Before starting this course, I thought that I was a pretty culturally competent or at least accepting individual. I come from a very small town where there is not much cultural diversity of any kind, but since coming to UWM, I felt that I had thrived on the diversity on campus and in the city and that I had become culturally competent. I could not have been more wrong. Certainly, living in the city of Milwaukee and experiencing diversity that I had not before exposed me to different cultures and many different types of people, but I still carried many stereotypes and prejudices that I was not aware of. This really hit me after taking the cultural competence self-assessment quiz. I scored much lower than I thought I would which led to the creation of my learning goals for the semester:
1. To gain more knowledge about numerous cultural beliefs, practices, attitudes, and ways of communicating as to better understand how this effects people’s view on medicine so I can become more aware of how to best serve patients of all different cultures in my future.
2. To understand my own cultural experiences and how these influence biases that I possess and work to overcome these biases to become a more culturally competent individual who does not push my own beliefs onto others.
3. To become more familiar with culturally competent healthcare and the strategies used to deliver culturally competent care so I can use these methods in the future as I become a health care professional.
Reflecting back over this course, I can say that I have made progress on all these goals. Each learning module helped me with goal number one and although this goal is truly a life-long experience, this class helped build a very strong foundation in understanding many cultures including some that I had very little previous knowledge of before this class, such as the Amish and Roma. I will need to continue to learn about new cultures throughout the entirety of my professional career and beyond. This course has also helped me develop strategies to help me learn more about culture from my future patients as well. The case study videos as well as reading The Immortal Life of Henrietta Lacks helped me understand how to best interact with patients to make sure that they understand all treatment methods and are comfortable.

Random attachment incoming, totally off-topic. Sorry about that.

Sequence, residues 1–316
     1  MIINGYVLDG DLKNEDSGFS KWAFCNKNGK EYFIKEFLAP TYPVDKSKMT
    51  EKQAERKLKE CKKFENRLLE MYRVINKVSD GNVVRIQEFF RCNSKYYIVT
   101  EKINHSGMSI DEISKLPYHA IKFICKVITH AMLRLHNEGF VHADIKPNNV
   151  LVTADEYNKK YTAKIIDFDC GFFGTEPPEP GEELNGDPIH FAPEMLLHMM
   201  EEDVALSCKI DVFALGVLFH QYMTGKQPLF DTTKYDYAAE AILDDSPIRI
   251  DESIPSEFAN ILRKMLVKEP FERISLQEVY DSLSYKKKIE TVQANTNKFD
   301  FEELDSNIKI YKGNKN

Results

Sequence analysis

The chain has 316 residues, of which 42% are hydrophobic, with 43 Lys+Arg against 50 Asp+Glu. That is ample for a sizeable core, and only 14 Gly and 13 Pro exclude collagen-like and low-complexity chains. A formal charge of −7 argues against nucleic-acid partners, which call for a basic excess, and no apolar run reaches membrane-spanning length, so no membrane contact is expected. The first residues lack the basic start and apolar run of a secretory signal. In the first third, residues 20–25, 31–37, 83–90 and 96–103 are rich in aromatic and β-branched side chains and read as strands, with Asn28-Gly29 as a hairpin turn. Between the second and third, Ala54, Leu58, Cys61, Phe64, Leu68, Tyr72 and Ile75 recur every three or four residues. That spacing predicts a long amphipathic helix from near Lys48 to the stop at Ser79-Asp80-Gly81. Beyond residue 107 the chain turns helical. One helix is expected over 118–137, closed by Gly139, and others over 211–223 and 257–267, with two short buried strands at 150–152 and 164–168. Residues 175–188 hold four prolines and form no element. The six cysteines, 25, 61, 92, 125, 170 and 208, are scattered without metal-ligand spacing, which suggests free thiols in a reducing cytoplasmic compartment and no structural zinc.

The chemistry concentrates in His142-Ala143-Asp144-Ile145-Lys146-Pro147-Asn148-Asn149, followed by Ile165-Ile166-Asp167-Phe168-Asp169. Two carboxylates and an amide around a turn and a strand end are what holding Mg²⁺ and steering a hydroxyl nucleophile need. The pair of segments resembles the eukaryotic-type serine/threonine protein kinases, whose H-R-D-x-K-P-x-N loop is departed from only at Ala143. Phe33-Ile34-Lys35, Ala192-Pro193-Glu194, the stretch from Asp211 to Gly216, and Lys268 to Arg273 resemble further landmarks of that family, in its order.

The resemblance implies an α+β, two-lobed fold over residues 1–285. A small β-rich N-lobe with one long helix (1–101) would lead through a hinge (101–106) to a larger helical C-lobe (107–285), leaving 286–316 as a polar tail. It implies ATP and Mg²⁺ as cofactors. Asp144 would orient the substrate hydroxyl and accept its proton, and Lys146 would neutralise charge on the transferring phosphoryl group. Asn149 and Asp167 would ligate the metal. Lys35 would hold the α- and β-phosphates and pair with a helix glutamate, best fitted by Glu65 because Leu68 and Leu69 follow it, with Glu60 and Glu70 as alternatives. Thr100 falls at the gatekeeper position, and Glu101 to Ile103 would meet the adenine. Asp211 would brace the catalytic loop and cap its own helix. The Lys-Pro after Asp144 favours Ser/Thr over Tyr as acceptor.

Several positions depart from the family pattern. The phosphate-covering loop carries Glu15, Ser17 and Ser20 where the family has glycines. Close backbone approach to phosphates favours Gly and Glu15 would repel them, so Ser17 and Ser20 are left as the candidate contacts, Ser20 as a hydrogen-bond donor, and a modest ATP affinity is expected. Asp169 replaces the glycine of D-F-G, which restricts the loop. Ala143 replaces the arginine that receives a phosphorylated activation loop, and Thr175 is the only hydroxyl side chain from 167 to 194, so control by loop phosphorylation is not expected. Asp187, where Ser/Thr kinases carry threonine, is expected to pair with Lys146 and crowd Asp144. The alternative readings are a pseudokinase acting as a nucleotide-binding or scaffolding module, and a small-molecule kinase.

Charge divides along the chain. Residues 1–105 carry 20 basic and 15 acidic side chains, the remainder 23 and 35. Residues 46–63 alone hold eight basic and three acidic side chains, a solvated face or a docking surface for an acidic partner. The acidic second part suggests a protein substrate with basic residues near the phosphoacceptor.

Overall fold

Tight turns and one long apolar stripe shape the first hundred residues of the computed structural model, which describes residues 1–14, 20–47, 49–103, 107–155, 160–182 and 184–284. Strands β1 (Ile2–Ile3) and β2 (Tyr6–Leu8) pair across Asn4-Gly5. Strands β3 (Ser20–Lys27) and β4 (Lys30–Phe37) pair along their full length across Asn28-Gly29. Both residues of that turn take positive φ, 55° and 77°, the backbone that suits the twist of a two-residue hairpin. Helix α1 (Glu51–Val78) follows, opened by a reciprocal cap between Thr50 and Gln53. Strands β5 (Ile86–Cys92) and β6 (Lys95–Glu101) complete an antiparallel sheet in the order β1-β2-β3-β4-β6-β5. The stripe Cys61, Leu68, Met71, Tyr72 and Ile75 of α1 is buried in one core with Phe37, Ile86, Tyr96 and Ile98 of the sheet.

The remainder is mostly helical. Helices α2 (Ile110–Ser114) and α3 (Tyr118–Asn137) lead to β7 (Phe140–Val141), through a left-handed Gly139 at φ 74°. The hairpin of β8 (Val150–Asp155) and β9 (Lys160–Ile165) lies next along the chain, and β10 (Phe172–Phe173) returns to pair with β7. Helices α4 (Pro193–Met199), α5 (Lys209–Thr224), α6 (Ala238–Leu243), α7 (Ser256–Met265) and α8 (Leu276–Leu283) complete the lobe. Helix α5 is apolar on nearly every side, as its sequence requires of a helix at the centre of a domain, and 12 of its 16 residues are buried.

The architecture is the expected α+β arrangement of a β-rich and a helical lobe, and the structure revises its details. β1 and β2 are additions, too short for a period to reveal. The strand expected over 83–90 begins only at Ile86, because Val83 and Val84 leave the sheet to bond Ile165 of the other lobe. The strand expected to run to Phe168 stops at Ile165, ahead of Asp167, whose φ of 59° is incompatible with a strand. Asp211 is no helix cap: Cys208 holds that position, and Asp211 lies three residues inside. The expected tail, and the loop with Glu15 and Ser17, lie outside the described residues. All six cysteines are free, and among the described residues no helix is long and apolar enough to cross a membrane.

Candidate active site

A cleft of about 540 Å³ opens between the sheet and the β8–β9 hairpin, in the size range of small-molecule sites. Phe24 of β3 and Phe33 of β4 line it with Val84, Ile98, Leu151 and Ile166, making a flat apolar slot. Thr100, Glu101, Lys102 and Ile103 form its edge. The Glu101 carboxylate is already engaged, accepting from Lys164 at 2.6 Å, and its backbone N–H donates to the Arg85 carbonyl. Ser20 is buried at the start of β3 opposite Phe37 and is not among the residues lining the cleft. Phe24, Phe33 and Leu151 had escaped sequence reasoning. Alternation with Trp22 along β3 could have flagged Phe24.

Working through this course also helped a lot with goal number two. Each module, I was able to reflect on my own personal biases and beliefs about a culture and start to get to the root about why I felt that way. This is again, a life-long journey and overcoming biases and personal prejudices takes a life-long commitment. This course has helped me develop strategies of how to be more open-minded and accepting to ways of thinking other as my own. This will help greatly as I move into being a health-care professional.
I appreciated the assignments that required us to look into the cultural training and the standards of our own future careers. These assignments helped me to make progress on my third goal. I also got to learn a lot of the standards and trainings that I would need to be familiar with and go through as an occupational therapist. I spent a lot of time researching standards on the American Occupational Therapy Association website and gained a lot of valuable knowledge from this. This will help me be a better occupational therapist someday and I plan to continue to keep myself up to date about the programs and standards that AOTA is implementing to help occupational therapists be culturally competent.
Throughout this course, I was always struck with the truth of the statement that cultural competence is a journey and not a destination. Although I still have a long way to go on my journey, I am very thankful that I took this course and gained all the knowledge and skills that I did. I am confident in saying that I am a more open-minded, accepting, and culturally aware person than I was before taking this course. And I am very dedicated to continuing my journey towards cultural competence.